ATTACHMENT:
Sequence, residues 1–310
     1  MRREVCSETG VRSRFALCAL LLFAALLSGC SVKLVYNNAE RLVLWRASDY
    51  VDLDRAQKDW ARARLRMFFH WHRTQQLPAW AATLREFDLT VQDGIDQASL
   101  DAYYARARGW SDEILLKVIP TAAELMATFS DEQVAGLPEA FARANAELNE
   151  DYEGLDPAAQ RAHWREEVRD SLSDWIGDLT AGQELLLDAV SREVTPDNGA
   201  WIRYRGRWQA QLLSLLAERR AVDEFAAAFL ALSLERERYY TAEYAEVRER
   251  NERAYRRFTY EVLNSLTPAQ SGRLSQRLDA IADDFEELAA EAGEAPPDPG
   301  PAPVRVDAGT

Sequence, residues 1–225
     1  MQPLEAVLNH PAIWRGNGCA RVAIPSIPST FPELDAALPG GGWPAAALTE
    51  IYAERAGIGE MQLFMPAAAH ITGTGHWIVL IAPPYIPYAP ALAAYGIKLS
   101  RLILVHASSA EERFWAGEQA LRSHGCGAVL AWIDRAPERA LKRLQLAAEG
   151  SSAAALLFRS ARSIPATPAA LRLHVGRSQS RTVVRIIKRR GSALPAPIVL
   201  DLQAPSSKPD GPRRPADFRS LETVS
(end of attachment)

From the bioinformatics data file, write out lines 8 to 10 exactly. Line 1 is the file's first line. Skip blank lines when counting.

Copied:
   301  PAPVRVDAGT

Sequence, residues 1–225
     1  MQPLEAVLNH PAIWRGNGCA RVAIPSIPST FPELDAALPG GGWPAAALTE